May 29, 2020

How to Sew Swim Shorts with the Belmont Leggings

It’s the last day of Cashmerette Swim Week! We’re wrapping things up with a a brand new tutorial where we show you how to sew swim shorts using the Belmont Leggings & Yoga Pants pattern.

Wearing a swimsuit can feel a lot like wearing underwear in public. (Isn’t it such a weird double standard? It’s frowned upon to wear a bra and panties in public, but if it’s made out of lycra, it’s fair game.) Some of us like to show off a lot of skin, while others prefer a little more coverage.

After I made my first Ipswich Swimsuit, I realized that the underwear-style bottoms weren’t my jam. When I wore them to our local pool, I found myself feeling more worried about what was peeking out than feeling proud that I’d made them. I knew that I would feel much more relaxed and comfortable with swim bottoms that had a little more leg coverage.

So I set my sights on making a pair of swim shorts! I looked around a bit for swim shorts patterns, but I can’t resist an opportunity for a good pattern hack, so I set off to make a pair using the Belmont Leggings pattern. Today, I’m sharing my process with you so that you can make your own swim shorts, too!

The shorts that I made were fairly basic, mostly because I wasn’t sure whether it would work out like I imagined. But don’t let that limit your imagination—you can add fancy color blocking to match your Ipswich bikini or top, or even a pocket or two!

Okay, let’s get started.

Prepare Your Pattern Pieces

If you’ve ever turned pants into shorts, you know how easy it is: decide how long you want the legs to be, and then chop off the rest.

For my Belmont swim shorts, that’s what I did. I decided I wanted about a 4” (10.1 cm) inseam, plus a 1/2” (1.3 cm) hem allowance.

Using the leggings view of the pattern (although you could use the yoga pant view if you prefer) with the gusset option, I trimmed both the front and back leg pieces so that the inseam measured 4 1/2” (11.4 cm).

I also recommend straightening out the side seam below the crotch. When we sit, our leg mass spreads out and gets wider, and we don’t want the hem to dig in or be uncomfortable, since there is less stretch there due to the stitching.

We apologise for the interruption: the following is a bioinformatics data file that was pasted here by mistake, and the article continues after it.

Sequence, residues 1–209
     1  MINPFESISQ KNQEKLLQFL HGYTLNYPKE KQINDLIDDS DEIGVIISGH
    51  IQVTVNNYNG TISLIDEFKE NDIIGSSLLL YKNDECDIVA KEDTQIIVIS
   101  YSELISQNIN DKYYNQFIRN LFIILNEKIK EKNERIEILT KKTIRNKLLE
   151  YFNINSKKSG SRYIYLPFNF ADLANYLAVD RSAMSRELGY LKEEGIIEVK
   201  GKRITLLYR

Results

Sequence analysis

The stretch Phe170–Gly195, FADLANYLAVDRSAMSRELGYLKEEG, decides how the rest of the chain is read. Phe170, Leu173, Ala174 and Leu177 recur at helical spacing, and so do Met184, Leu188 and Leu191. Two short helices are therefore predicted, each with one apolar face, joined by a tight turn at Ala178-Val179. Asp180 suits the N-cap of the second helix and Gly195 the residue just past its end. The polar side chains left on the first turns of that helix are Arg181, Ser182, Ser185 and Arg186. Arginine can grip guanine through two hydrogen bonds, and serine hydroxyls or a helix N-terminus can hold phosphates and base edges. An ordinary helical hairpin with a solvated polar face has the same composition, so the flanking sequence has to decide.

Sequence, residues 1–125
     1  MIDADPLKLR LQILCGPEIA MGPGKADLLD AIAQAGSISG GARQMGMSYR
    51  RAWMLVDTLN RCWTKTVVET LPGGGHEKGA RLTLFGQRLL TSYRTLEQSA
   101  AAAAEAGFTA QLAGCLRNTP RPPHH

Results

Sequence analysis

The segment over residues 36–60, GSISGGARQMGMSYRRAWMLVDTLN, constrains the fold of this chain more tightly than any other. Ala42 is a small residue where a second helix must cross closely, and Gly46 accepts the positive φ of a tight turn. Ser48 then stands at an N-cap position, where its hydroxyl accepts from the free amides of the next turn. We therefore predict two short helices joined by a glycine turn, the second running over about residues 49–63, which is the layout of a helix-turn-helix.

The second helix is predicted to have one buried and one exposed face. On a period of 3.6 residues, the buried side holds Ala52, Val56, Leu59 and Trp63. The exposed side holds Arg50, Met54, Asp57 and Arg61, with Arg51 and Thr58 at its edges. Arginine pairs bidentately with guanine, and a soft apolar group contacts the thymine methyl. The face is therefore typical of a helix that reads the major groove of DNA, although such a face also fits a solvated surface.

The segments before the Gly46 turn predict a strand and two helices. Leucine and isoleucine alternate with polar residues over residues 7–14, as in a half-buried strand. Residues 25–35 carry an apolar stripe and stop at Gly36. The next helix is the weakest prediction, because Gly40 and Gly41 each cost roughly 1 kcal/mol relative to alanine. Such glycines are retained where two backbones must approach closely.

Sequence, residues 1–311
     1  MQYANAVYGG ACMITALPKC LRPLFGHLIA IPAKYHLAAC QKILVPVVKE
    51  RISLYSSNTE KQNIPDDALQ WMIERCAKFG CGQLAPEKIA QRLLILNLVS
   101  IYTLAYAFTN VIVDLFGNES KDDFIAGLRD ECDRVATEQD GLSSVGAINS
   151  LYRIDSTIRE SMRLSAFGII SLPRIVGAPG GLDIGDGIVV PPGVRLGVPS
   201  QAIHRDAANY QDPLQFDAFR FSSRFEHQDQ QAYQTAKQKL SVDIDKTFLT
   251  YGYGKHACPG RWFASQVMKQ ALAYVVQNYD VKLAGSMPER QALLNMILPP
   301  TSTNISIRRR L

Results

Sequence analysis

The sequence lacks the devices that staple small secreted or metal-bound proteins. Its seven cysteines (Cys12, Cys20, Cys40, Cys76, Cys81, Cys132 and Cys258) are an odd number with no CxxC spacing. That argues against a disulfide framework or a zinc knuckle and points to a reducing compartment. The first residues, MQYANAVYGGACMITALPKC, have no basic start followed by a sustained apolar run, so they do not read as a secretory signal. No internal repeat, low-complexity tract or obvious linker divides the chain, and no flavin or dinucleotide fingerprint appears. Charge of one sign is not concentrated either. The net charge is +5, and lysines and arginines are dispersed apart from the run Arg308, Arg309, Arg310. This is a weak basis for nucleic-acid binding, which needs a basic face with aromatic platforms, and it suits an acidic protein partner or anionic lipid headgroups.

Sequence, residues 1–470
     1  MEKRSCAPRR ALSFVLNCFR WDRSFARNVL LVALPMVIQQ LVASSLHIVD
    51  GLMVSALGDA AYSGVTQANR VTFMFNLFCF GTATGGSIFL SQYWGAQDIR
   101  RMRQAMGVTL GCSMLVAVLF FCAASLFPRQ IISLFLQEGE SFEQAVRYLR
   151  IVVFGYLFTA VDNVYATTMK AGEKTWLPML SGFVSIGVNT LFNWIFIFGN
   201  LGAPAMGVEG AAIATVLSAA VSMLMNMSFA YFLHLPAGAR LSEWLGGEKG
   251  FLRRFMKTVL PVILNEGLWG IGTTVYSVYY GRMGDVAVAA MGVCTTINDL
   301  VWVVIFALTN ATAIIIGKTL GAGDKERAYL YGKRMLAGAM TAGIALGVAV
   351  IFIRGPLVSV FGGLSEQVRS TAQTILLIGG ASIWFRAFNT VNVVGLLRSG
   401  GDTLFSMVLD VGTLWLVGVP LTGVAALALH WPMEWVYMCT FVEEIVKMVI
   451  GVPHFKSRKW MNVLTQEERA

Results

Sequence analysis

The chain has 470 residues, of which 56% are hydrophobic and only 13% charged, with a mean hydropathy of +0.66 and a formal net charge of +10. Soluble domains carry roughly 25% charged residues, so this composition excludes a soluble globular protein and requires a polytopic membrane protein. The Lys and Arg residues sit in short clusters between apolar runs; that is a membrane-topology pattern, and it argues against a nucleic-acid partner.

And just like that, the outer shell pieces of my swim shorts are ready to cut out.

Now let’s talk lining. Swimsuits are much more comfortable to wear when they’re lined, plus they’re less likely to be see-through when wet. The fabric I picked for my swim shorts had a white background to it, so lining was crucial.

In the Ipswich Swimsuit, the waistband of the outer shell of the bottoms is a separate piece, but it’s all once piece for the lining. To achieve the same thing with my Belmont shorts, I lengthened the side seams upward by 1 1/4” (2.9 cm). That’s because the waistband is 2” wide (5 cm), and I’m subtracting two seam allowances where the waistband and shorts overlap (3/8” + 3/8 = 3/4” / 1.9 cm).

And there are our lining pieces!

Cutting Out Your Swim Shorts

Here’s what we need to cut out for our swim shorts:

  • From the fashion fabric (our outer shell), we need to cut 1 waistband, 2 front legs, 2 back legs, and 1 gusset.
  • From our lining, we need to cut 2 front legs (with waistband height added in), 2 back legs (with waistband height added in), and 1 gusset.
  • We’ll also need 1/4” or 3/8” swimwear elastic.

Sewing the Swim Shorts

To construct the swim shorts, follow the steps for sewing the legs and inserting the gusset as shown in the Belmont instructions. (Or check out our free sewalong here.) Also attach the waistband to the outer shell of the shorts by sewing the waistband closed at one end to form a loop, and then attaching it to the shorts.

Follow the same steps to construct your lining, sewing the legs and inserting the gusset. Since our waistband is built in to the lining, we can skip that step.

What we have now are the two shorts constructed—the outer shell from the fashion fabric, and the lining. To put them together, place the lining inside the outer shell WRONG sides together and baste around the waist and the two leg holes.

Finish the waist as you would the Ipswich bottoms: cut a piece of elastic the length of the waistband, then sew elastic to upper edge of inside waistband, gently stretching as you stitch, leaving a sliver of fabric showing at waistband edge. When you get to the end, trim any excess elastic, then flip elastic to the inside of the shorts so that the elastic is enclosed in the swim fabric and topstitch from the outside. (I like to do a triple zigzag stitch here—so professional looking!)

Repeat these same steps with the leg openings, but don’t stretch the elastic. If you’re not planning on doing anything super active in your swim shorts, you may even be fine without elastic in the legs.

And there you have it! A fun and sporty pair of swim shorts that go great with your Ipswich bikini top and provide that extra leg coverage you’ve been wanting.

I’m wearing Belmont swim shorts in a size 12 with swim lycra I picked up at my local discount fabric shop. These swim shorts require very little fabric—less than a yard will do!

In these photos I’m also wearing a bikini top that I hacked together, using the Orange Lingerie Boylston Bra for the front and the Ipswich Swimsuit bikini for the back and straps. I used scraps from my swim shorts to cover the bra cup seam on the inside! (Isn’t sewing just the best?!)

These photos were taken last summer when pools were open and there were giant floating unicorns and we had not a care in the world.

I hope you’re inspired to give this hack a try! Don’t forget to share your makes using the hashtags #IpswichSwimsuit and #BelmontLeggings so we can marvel at your fun new swimwear.

Let me know what you think!